To move away from the pure “friends model” there are companies that provide the same kind of architecture for a fee. They still allow for the equity and freedoms of the aforementioned model but the company helps with the logistics and also the partners. People can sell their shares to other interested parties that the company makes arrangements with. West Coast Multihulls in California is an example of such a company.
Putting a boat into charter is another way to own a boat without having to incur the costs. Companies like The Moorings (and others) will sell you a boat and immediately put it to work for you. In addition to the company covering all of the slip fees and maintenance expenses, they offer an actual monthly income from the boat in exchange for the investment and your own limited access. You are allotted a certain amount of time that you can use the boat and some privileges but they charter it most of the time. However, you can use your allotted time either on your own boat or use that time to sail somewhere else on another boat – essentially a time share. It sounds really great and for some it is, but when the timed contract has expired (often five years) you will still owe money on the boat and it will have depreciated. Do the math and see if it’s right for you.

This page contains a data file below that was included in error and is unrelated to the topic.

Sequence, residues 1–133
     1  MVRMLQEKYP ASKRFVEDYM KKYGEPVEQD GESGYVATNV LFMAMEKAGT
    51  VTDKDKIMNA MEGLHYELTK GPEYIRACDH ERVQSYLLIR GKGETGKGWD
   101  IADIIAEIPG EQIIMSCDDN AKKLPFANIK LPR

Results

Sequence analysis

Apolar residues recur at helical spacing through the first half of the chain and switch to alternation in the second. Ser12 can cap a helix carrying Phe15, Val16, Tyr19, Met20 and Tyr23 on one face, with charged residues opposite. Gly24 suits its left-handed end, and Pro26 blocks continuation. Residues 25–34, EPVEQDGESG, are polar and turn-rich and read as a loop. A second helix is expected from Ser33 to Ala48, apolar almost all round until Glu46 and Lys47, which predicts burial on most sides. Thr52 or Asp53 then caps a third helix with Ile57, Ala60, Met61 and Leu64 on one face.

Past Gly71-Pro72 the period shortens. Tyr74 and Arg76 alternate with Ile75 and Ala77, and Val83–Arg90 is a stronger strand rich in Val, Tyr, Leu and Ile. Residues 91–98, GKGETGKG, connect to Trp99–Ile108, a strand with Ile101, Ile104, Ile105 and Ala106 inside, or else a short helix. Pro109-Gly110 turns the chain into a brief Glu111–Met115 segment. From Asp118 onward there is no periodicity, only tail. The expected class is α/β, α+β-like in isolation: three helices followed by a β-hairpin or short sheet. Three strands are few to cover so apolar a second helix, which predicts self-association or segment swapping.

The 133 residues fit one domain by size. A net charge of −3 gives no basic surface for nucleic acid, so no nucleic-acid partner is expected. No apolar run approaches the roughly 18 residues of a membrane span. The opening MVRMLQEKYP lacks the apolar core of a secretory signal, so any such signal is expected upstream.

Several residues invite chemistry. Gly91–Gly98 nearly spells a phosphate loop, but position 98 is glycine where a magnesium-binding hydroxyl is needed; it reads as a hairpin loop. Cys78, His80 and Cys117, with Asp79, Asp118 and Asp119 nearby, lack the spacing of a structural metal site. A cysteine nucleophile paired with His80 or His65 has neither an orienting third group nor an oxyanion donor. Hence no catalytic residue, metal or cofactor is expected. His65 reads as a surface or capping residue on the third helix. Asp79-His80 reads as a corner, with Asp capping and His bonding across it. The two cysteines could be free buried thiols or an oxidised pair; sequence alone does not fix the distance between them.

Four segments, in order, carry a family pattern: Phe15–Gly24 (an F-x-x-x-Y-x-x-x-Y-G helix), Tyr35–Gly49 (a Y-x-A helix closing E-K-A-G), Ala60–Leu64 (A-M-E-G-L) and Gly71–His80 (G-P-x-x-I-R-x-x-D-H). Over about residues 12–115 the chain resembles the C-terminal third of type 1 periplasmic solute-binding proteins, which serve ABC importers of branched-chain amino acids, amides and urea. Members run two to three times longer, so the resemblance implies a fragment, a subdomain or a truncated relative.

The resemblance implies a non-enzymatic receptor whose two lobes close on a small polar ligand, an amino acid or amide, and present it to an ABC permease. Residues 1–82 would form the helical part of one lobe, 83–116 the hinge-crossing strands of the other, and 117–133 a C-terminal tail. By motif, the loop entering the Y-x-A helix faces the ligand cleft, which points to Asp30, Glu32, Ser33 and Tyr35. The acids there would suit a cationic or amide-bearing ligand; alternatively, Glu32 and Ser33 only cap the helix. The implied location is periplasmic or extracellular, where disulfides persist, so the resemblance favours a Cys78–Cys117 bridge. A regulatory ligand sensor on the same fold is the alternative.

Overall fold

Peer to Peer
In this world of Uber and Lyft, it only stands to reason there would be a boating equivalent. Companies like Boatbound and Incrediblue offer boat owners an opportunity to rent out their boats to the general public and in turn the public to access the water for a reasonable cost. For instance a well-equipped 41-foot Hunter that is on Boatbound right now is $475 a day. For six people that’s about $80 each for an entire day of sailing with friends. Peer to peer is certainly an affordable alternative to boat ownership and also a way for an owner to subsidize costs. There are obvious x-factors – you’re dealing with some unknown entities and wildcards, but if you find an owner/boat that you can work with and trust, it can be a great affordable way to sail.